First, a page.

Obama’s angry. How should we feel?
This AP story today about an upcoming Rolling Stone interview with President Barack Obama has left me with lots of questions, and a substantial need to dedicate time to introspection.
On President Obama’s end, he’s mad as hell about perceived apathy on the left. He is tired of progressives being down about what he sees as success––the left being comprised of glass-half-empty types.
“People need to shake off this lethargy. People need to buck up,” Obama told Rolling Stone in an interview to be published Friday. The president told Democrats that making change happen is hard and “if people now want to take their ball and go home, that tells me folks weren’t serious in the first place.”
In President Obama’s view, the more time we spend complaining about what we see as his failures (ones he does not see), the more time we’re not watching Republicans.
But we are watching, and it’s scary as hell when we see people clapping for Christine O’Donnell and Sarah Palin. The Right is gaining power and enthusiasm and will probably take out a good deal of Democrats in the upcoming elections. It’s defeating, and scary, but it’s reality.
So yeah, we are mad because we all worked hard, gave money, and voted in 2008 to change America for the better. And to see that these people are gaining power instead of being left in the dust of their flat Earth ways, it’s desheartening.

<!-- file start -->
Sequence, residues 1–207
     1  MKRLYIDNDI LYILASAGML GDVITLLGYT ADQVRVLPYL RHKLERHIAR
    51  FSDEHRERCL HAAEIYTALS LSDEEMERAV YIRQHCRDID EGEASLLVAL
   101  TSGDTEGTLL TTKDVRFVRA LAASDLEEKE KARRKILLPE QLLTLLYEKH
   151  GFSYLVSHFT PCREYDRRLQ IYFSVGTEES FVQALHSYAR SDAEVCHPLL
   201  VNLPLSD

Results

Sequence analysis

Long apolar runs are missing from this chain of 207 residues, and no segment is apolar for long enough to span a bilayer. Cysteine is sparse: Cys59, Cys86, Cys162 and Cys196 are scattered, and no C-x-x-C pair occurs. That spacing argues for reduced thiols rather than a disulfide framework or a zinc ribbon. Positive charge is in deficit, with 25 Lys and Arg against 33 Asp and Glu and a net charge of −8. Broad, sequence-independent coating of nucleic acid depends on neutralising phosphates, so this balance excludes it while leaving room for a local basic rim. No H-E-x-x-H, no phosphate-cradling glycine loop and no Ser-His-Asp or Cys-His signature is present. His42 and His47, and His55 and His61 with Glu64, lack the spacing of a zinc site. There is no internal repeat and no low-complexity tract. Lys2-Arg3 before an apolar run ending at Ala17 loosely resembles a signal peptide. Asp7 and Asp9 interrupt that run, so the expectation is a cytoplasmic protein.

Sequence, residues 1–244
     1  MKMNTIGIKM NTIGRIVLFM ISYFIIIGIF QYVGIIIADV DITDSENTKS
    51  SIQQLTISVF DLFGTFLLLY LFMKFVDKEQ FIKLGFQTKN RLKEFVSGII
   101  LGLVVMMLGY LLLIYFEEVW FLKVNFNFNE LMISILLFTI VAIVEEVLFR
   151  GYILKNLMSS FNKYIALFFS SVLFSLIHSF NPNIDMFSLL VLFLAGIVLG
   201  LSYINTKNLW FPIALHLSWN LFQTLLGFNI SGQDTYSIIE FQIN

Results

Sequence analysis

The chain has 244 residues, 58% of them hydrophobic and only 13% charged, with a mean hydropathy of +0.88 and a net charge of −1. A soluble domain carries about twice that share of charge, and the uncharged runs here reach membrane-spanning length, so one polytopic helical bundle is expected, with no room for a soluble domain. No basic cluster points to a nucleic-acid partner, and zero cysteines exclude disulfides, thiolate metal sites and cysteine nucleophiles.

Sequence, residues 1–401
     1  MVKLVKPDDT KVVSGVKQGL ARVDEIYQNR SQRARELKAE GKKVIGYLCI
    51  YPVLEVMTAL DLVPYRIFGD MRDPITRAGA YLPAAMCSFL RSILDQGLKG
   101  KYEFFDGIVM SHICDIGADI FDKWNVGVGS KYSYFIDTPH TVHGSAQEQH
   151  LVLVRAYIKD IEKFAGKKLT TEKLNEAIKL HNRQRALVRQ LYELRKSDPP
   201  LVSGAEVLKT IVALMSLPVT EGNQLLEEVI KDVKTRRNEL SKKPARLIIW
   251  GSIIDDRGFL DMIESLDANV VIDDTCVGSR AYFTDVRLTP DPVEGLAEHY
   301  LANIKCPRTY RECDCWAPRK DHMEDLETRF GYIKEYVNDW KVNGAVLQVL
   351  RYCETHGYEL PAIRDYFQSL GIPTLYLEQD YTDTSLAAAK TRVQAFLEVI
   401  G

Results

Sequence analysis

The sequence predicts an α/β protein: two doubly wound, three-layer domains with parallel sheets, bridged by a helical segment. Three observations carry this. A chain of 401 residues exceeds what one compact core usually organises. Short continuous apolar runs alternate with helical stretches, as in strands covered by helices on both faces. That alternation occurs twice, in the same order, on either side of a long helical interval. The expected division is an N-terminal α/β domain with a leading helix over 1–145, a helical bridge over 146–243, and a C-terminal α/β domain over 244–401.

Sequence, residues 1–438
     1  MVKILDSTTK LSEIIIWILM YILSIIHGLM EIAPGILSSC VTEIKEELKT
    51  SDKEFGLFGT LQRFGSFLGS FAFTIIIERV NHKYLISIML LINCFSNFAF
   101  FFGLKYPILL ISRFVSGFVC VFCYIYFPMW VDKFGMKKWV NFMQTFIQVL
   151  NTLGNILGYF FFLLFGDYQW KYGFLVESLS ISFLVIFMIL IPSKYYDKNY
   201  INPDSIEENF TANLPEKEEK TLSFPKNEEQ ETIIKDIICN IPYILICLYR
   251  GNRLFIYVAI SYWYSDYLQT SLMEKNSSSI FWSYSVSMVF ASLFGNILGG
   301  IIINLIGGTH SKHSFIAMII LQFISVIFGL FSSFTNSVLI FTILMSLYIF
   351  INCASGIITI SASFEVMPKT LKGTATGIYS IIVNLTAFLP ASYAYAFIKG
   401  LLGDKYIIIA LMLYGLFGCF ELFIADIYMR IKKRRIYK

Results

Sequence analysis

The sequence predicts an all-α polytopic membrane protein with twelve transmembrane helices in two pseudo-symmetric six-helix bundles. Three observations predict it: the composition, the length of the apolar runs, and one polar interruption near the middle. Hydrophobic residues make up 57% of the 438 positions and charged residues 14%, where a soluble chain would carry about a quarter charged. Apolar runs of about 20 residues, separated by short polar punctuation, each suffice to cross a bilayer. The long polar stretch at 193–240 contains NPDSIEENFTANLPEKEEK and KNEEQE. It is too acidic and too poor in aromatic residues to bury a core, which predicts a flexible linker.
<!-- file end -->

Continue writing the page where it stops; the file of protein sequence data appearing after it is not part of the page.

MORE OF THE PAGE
However, do not doubt how serious we are about changing America.
We are serious when we say we want equal rights for our gay friends and family members.
We are serious when we say we want an end to perpetual war.
We are serious when we say we want affordable healthcare for all.
We are serious when we say we want change.
It’s been two years, and these wants are not yet met. Our hopes are as of yet unfulfilled.
In the interview Obama says that change is hard, and I cannot agree more. Change is difficult, and hard, and we’re not a society that likes to wait. Of course some are mad, and anger breeds apathy. But those apathetic people don’t need to be admonished publicly for their malaise, they need to be brought back into the fold with actions and not just promises. It would be nice to see President Obama come clean and say that things aren’t moving as steadily as they should with Democratic control, or condemn regressives within the Democratic establishment who are just as damaging as Republicans.
We cannot live on insistence of success, we need to feel the results by seeing our friends married, our families back from war, our sick well, and our world a better place.
I believe I was right to vote for Barack Obama, and maybe this is his attempt at recreating Jimmy Carter’s “Crisis of Confidence” speech (but in a more successful way).
The thing to remember is: I am not your enemy, Mr. President. CarFreeStpdty is not your enemy (seriously… so don’t clandestinely assassinate him). The Left got you into office because we saw you as our chance. Those “HOPE” stickers weren’t passed out with apathy, but with honest hope and desire for change. And we saw it embodied within you.
Don’t blame us for being upset that you’re not holding up your end of the bargain.